The marijuana industry has gone legit. The plant is still considered a Schedule One narcotic by federal standards, but cannabis is now legalized for either medical or recreational use to some extent by 46 states with no signs of slowing down.
The business of marijuana is now going far beyond just the dispensaries that sell cannabis products in a safe and regulated manner. The industry is poised to be a gamechanger in tourism, a distinction formerly limited to a very select number of international destinations like Amsterdam in the Netherlands.
The evolution couldn’t be more clear with the September 20 opening of Cannabition in Downtown Las Vegas. The attraction is billed as an immersive cannabis museum — a place where weed isn’t bought or consumed, but celebrated in all its glory.
“I think this is the perfect time,” says Cannabition founder JJ Walker. “I would say that we are just a hair early, which is exactly where I want to be.
Exhibits will include multisensory experiences where guest can recline on a cannabis seed bed, hug seven-foot-tall buds and be “exhaled” while sliding through a pair of oversized lips. There will also be terpene displays, the “world’s largest bong” and the famous “Red Shark” Chevrolet Caprice is on loan from the estate of Hunter S. Thompson.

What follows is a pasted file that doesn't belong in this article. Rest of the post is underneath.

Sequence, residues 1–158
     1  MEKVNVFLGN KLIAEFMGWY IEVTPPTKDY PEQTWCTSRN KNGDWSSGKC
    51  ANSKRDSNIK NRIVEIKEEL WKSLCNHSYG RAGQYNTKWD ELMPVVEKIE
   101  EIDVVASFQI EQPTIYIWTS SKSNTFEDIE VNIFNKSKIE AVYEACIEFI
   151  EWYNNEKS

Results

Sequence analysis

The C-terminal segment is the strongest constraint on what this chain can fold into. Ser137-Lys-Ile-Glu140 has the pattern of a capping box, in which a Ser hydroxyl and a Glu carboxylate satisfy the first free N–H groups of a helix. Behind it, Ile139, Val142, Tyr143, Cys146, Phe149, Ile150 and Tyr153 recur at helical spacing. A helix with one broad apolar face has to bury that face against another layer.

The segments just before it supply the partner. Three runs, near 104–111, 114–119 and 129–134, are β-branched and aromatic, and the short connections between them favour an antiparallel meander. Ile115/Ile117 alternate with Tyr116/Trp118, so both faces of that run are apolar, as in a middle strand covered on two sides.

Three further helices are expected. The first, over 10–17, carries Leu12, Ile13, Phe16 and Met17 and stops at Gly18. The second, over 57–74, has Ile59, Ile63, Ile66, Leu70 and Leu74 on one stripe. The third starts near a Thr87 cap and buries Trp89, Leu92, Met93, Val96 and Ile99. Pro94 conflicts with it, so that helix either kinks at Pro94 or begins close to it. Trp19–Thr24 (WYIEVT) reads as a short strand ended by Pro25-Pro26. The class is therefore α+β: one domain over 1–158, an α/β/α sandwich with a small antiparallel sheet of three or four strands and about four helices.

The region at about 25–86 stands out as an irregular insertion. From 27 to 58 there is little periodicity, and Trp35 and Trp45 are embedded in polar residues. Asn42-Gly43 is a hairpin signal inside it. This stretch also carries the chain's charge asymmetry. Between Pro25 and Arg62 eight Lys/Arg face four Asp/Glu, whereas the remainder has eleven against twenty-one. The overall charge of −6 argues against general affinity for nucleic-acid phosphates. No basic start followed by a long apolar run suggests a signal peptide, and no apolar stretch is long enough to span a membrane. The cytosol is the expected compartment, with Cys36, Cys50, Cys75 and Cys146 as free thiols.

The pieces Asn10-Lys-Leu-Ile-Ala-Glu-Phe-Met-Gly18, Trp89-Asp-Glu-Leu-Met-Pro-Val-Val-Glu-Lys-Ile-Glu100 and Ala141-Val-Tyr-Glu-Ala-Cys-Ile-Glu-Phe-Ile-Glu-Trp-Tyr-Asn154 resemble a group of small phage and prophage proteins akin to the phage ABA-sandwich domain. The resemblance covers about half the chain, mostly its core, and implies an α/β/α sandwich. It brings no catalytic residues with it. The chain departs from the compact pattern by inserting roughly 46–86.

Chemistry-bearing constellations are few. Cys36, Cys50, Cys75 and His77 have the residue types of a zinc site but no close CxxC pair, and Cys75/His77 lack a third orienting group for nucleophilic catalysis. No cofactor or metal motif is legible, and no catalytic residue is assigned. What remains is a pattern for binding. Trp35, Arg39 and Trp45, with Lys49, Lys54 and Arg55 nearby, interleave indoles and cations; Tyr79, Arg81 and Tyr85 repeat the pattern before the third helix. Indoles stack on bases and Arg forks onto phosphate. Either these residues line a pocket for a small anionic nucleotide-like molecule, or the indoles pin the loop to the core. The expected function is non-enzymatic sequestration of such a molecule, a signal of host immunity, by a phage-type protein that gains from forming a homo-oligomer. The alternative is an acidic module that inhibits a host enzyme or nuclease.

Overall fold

Cannabition held a media preview on Thursday, not with a traditional ribbon cutting but a hemp-torching ceremony. The guest of honor was Las Vegas Mayor Carolyn Goodman, just the latest politician who recognizes the economic benefits of the cannabis industry.
“There aren’t too many of my generation that’s here who have never smoked anything other than the conventional old cigarettes,” she says. “I know that pot is a little bit safer for your lungs. I’m not sure how much, but I know we’re a happy crowd in Las Vegas.”
Las Vegas is driven by tourism and its infamous “Sin City” image, but has experienced a push-and-pull relationship with marijuana over the years. Nevada was one of the earlier states to legalize marijuana for medicinal use in 2000, but didn’t approve dispensaries until 2013. After approval by voters in 2016, recreational cannabis sales got underway last year. But public consumption is still banned, especially at the resorts who don’t want to risk the status of state-approved gaming licenses at their casinos.
Yet there appears to be a growing cross-section between the tourism and cannabis industries in Las Vegas. Dispensaries are doing everything possible to attract out-of-town guests who just need to show valid identification proving age of 21 or over to buy cannabis products. Reef, Essence and Releaf are within easy walking distance of the Strip. NuWu, operated by a Native American tribe near Downtown has a drive-thru window to make purchases as convenient as possible. Acres has a museum wall dedicated to hemp artifacts, vintage High Times magazine covers and other historic items. Acres also has The Underground, a marijuana farmers market on Fridays and Saturdays that welcomes third-party vendors.